Photo credit: TAY KUANG TECK


Tay Kuang Teck is a 25-year-old currently working as a junior doctor in SingHealth. He  attended to his doctorial duties by serving patients during the COVID-19 pandemic. He aspires to work in the palliative care field in future as he wants to take care of patients with life-limiting diseases.

Previously, he used to volunteer as a befriender serving palliative patients and nursing home residents. He also had the privilege of contributing to Project Happy Apples, a student-initiated NUS Medicine Palliative Care project. His passion lies in building deeper relationships with the people around him — spanning from mentoring peers and colleagues in medicine to growing in faith within his Catholic community. Today, he shares with us about what he does!

Tell us more about what you do!

I spend a great deal of time getting to know people better on a personal level – knowing who they genuinely are. I work within a healthcare team that supports patients with diverse medical issues that helps them and their loved ones navigate through the healthcare system during their hospital admission.

I am also part of a research-based mentoring programme, which aims at developing evidence-based solutions to improve medical education in Singapore. I learn and grow alongside like-minded peers and colleagues in this programme and support one another in developing our identities as medical doctors, mentors and researchers.

Outside of work, I enjoy praying and reflecting about my life, as well as reminiscing all the moments I share with various people. I’m part of two Catholic communities, where we share about our faith in God with one another. My life revolves around deepening relationships and journeying together with people.

What inspires you to do this?

I suspect the joy of knowing and seeing people live their life to the fullest stems from this deep-seated desire to love and to be loved. I uncovered this innate desire along the way as a medical student.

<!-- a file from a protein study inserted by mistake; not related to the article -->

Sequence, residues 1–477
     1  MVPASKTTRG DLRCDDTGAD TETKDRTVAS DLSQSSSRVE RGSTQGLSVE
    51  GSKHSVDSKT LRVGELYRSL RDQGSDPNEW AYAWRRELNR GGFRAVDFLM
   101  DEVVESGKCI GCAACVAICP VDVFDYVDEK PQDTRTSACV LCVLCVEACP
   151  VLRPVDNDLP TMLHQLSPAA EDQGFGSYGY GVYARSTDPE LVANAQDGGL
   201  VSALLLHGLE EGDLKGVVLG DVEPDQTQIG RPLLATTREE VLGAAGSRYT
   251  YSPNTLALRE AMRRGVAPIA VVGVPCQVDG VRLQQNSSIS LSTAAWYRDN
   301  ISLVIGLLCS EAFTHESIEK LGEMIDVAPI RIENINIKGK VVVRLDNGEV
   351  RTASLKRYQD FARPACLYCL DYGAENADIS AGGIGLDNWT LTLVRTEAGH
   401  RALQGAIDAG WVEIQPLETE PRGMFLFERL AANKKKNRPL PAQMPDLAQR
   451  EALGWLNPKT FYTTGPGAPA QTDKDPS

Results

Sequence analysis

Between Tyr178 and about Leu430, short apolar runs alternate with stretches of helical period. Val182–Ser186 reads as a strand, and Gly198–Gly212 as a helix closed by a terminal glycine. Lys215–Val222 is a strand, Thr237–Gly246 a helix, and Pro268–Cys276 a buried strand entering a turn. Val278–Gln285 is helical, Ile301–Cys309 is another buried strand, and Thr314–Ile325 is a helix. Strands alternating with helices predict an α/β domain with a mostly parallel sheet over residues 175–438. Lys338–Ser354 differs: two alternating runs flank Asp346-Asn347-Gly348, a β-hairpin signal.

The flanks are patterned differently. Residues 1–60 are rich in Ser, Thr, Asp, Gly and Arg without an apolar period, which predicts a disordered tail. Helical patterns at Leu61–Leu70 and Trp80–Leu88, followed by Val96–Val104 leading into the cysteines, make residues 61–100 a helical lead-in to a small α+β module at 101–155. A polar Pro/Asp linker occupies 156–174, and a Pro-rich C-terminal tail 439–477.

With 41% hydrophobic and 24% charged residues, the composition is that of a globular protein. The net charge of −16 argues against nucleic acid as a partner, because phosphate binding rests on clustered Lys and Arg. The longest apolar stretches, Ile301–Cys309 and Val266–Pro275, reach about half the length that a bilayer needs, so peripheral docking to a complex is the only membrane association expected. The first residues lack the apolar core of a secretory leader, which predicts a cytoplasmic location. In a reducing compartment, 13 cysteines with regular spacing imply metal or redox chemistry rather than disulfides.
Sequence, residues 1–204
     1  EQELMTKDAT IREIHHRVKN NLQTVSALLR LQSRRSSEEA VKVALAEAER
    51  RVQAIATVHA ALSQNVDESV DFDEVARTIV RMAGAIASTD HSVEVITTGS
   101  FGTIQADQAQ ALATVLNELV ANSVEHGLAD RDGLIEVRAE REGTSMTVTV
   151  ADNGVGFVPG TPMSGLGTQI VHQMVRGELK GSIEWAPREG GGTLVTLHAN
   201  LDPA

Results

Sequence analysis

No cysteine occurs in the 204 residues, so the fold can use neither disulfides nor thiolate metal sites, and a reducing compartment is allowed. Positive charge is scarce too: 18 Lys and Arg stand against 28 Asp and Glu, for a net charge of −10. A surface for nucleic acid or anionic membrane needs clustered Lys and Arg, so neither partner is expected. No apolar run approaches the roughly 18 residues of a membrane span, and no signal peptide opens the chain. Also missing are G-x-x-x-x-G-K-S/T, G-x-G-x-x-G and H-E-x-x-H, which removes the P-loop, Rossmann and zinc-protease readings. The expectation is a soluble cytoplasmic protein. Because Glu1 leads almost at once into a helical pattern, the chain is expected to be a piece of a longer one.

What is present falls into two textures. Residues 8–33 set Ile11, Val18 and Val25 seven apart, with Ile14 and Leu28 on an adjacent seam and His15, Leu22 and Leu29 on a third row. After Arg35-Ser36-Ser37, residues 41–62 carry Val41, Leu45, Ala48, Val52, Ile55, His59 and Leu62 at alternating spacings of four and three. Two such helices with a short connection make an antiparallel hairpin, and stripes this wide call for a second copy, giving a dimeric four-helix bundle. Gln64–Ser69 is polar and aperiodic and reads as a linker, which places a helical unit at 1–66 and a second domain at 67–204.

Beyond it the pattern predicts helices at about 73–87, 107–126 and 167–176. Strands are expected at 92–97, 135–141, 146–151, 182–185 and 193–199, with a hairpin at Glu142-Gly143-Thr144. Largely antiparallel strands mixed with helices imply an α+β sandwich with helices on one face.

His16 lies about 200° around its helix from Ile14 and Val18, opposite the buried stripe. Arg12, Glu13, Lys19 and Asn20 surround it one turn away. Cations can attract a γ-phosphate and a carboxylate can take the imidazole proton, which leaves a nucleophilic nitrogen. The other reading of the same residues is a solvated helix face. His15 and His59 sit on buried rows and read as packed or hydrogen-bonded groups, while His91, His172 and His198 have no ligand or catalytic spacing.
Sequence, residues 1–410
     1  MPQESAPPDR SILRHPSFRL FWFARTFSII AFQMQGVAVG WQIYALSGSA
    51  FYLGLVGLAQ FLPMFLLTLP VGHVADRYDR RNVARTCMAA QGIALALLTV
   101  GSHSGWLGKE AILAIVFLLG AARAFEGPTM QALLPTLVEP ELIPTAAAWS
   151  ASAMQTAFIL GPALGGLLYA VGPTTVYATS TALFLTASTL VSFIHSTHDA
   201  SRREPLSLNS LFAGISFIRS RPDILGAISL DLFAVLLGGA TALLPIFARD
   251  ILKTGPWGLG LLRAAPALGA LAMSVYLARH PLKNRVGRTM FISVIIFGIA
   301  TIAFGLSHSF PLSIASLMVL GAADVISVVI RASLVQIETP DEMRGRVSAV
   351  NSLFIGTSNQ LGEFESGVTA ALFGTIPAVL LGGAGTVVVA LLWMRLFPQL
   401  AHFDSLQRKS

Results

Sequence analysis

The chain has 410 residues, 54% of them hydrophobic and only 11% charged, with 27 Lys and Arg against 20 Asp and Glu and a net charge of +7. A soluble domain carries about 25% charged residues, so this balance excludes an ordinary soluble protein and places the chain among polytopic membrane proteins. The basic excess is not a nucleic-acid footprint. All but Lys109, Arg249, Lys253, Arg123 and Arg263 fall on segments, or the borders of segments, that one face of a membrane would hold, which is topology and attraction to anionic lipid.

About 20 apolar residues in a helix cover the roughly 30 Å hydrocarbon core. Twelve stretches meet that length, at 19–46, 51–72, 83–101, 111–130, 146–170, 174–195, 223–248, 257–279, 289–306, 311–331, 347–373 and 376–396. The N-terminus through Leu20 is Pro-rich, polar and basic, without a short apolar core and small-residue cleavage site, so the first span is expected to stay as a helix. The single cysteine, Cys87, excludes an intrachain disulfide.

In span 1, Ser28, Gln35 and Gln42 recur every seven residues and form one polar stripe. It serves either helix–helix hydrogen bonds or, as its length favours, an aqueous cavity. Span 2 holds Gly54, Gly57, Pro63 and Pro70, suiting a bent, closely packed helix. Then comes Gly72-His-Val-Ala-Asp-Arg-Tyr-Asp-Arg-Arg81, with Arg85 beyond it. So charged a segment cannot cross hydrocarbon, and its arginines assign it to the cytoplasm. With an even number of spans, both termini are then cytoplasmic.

While befriending patients with life-limiting diseases, I was grateful for the precious moments I share with my patients – sharing about my ups and downs for the day, making handicrafts and gifts for other patients in my free time, and grieving over the losses experienced during the final days of my patients’ life.

These volunteering experiences reminded me of the hope of living every moment of life to the fullest despite its difficulties and uncertainties, and the power of love and companionship with one another through the journey of life. Hence, this conviction fuelled various passions that I hold dear to till today.

Have you faced any challenges so far? How did you overcome it?

Love requires sacrifice and commitment. The uncertainty of life and the seemingly limited capacity as a human being in relation to the vast problems of the world makes these ideals difficult to live out wholeheartedly.

I often find myself drained and tired while serving others, especially when I occasionally become prideful and start foolishly counting the impact of my services for others as if they were all attributed to my work. I clearly remember grumbling to my colleagues about difficult conversations I had with patients and their families, and complaining about seemingly unreasonable expectations set by my superiors during stressful days at work, especially during the peak periods of the COVID-19 pandemic.

What helps me is to reorientate the focus of my life away from myself. This includes being genuine about my struggles and shortcomings with my loved ones, as well as being humble and open to accepting kindness from the people around me.

If you could share one piece of advice with your fellow youth, what would it be?

Always seek to understand ourselves better, to uncover our innate identity as a person, and align our lives as best as we can towards that unique and precious identity. I strongly believe each of us has an irreplaceable place in this world.

What is your hope or plans for the future? What do you want to see or perhaps do?

My hope for the future is for people, regardless of our peculiarities and differences, to grow deeper in love for one another. In little ways, I aspire to continue to live my life journeying with people around me in whatever capacities (small or big) that life offers, as we support one another in uncovering our unique identities.

On a tangible level, I aspire to become a palliative care physician, a teacher, and a better friend to the people around me.

This article was published on Mar 4, 2022

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